Fortunately, modern software solutions paired with best practices and protocols can help medical institutions avoid negative outcomes and other problems that can arise with inconsistent documentation.
In a recent survey, 53% of healthcare professionals expressed concern that documents they create and distribute daily aren’t up to date, and 46% of those surveyed indicated a lack of confidence in the security of that information. Insights like these should serve as a wake-up call for the industry – proper documentation isn’t just important from a compliance standpoint, it’s critical to ensure the positive outcomes for patients.
Take the example of a small medical practice where digital intake documents are kept on an intranet with an improperly secured network. Mining for sensitive information to sell on the black market, hackers breach the network and steal thousands of records. The result is devastating. IBM estimates the average data breach costs $3.6 million – or $141 per record. Patients flee from the practice they once trusted, and on top of the cost to fix the breach, hefty regulatory fines are paid.
Things to think about
Health professionals concerned their own organization might be lacking in knowledge sharing practices should consider the following symptoms and cures:
1. Symptom: Healthcare and medical staff frequently use out of date or incorrect forms. This can be frustrating in any industry. But for health care, where documentation is heavily regulated and compliance standards can often change, it’s crucial for medical providers to access the right forms across the organization. Outdated documents can lead to duplicate work and unnecessary confusion, meaning healthcare professionals spend less time with patients and more time with paperwork.
1. For Cure: Leverage technology to standardize all paperwork. Consider modernizing and upgrading your current document system. Many modern solutions have functionality like automated form template updates, accessibility across devices and multiple user access options. When healthcare professionals can quickly locate and complete forms and other documentation, it means more time for patients and doctors.
2. Symptom: Doctors, nurses and technicians have trouble sharing what they learn. In the healthcare industry, each individual in the workplace has a wealth of unique knowledge they carry with them. From processes for interacting with patients to procedures for storing sensitive medical equipment, this information is vital and necessary to operations. However, many facilities struggle to offer a centralized process for employees to share this knowledge.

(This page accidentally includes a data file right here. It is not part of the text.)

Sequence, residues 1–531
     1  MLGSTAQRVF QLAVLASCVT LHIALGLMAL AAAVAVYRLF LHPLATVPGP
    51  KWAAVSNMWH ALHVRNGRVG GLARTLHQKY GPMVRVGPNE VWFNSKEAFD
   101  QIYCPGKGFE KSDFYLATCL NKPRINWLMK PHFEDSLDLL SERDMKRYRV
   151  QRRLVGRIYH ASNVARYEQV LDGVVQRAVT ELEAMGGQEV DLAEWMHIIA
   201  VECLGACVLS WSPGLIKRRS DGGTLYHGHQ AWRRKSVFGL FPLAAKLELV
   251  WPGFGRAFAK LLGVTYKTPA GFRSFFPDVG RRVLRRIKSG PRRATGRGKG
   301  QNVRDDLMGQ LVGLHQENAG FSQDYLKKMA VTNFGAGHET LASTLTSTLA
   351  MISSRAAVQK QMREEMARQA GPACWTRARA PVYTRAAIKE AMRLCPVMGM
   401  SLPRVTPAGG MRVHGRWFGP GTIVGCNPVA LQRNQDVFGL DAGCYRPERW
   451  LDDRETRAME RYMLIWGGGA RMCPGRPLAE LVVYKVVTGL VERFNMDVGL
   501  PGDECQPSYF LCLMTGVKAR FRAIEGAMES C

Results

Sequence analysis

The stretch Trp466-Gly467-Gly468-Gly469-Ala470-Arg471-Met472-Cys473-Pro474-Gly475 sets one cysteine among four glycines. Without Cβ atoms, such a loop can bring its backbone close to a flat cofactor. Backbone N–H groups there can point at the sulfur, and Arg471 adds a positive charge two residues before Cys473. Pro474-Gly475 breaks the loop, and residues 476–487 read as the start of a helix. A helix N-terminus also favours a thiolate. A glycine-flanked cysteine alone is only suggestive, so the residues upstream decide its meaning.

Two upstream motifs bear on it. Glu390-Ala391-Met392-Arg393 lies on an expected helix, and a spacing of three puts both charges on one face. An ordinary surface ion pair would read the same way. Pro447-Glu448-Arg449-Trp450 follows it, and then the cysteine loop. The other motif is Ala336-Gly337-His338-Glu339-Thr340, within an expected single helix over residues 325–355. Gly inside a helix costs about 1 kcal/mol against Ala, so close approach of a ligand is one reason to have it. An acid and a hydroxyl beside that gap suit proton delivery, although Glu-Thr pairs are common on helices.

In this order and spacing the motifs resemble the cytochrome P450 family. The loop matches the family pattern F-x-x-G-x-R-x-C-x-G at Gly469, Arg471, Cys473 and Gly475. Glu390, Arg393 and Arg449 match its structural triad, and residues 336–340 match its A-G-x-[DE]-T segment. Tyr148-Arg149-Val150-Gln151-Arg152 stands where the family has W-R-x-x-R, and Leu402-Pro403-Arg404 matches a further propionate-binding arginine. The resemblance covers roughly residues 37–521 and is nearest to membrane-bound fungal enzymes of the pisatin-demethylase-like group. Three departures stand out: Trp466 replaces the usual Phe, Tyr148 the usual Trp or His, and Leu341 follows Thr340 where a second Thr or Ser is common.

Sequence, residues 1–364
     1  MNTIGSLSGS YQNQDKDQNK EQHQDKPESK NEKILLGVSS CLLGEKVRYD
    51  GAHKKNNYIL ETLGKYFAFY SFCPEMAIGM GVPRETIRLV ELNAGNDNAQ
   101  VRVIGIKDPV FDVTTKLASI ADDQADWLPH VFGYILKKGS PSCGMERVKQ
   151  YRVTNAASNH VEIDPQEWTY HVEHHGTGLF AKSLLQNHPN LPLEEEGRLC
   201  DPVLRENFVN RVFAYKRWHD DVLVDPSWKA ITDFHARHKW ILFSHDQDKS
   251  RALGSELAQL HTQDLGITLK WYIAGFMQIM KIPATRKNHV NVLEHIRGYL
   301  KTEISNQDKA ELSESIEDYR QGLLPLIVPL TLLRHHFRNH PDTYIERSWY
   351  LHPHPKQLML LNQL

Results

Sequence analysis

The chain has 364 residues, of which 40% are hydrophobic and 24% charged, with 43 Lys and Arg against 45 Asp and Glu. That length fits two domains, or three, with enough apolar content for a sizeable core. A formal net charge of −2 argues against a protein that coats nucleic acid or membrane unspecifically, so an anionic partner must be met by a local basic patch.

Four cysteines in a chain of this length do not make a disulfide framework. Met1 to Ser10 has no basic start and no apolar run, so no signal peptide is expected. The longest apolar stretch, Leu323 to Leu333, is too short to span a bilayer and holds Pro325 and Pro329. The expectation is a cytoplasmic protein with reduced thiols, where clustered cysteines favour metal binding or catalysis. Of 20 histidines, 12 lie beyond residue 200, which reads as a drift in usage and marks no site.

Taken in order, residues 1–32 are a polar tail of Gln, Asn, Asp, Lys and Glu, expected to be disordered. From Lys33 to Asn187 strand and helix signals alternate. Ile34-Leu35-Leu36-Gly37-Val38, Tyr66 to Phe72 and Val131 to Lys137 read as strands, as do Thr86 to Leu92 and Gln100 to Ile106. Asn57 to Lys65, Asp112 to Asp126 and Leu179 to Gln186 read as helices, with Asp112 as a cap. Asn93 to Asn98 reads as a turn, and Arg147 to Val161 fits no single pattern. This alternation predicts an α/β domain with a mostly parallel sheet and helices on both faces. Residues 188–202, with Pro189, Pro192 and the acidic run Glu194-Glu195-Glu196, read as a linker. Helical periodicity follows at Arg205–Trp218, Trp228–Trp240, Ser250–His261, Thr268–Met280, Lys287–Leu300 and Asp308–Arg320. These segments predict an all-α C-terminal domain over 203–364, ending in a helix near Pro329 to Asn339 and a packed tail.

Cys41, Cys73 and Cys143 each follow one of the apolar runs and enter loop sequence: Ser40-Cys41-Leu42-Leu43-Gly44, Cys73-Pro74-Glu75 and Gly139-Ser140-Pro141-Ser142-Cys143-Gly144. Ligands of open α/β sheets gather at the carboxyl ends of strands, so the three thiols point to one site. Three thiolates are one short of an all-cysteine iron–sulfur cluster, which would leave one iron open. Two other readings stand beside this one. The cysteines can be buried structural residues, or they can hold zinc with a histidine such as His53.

2. For Cure: If your staff shows signs of the above, it’s time to evaluate your current knowledge management system. Oftentimes, employees don’t share what they’ve learned because they simply don’t know their healthcare facility has a formal knowledge sharing system in place. In this case, healthcare institutions can implement engagement strategies that educate, promote and reward the sharing of information. A modern healthcare organization that isn’t striving to offer the most efficient, pervasive knowledge sharing process is doing itself a disservice.
3. Symptom: The IT department says there’s an unhealthy security protocol. Intranet downtime, an influx of spam email and shared passwords among employees or departments can all be signs of weak security measures. Medical facilities house more personal and identifiable information than any industry, so information leaks can be devastating. When information is compromised, the facility could lose its good standing with patients – not to mention the potential loss of license and certifications.
3. For Cure: Vet all data and knowledge solution providers. If IT raises concerns about any aspect of your knowledge or document sharing system, it’s critical you immediately investigate and double-check all best practices. If not, you may fail to comply with all local, state and federal regulations governing data security for personal information. Additionally, have critical and informed conversations with any vendor who supplies knowledge sharing tools – if they can’t provide a comprehensive overview of their security strategies and protocols, it could be time to choose another solution.
Don’t let any of the above ailments keep your staff from continuous learning or simply dealing with bad document management practices. It might be time to find the cause. Every second spent searching for paperwork or tracking down a coworker for protocols is a second not spent with the patient.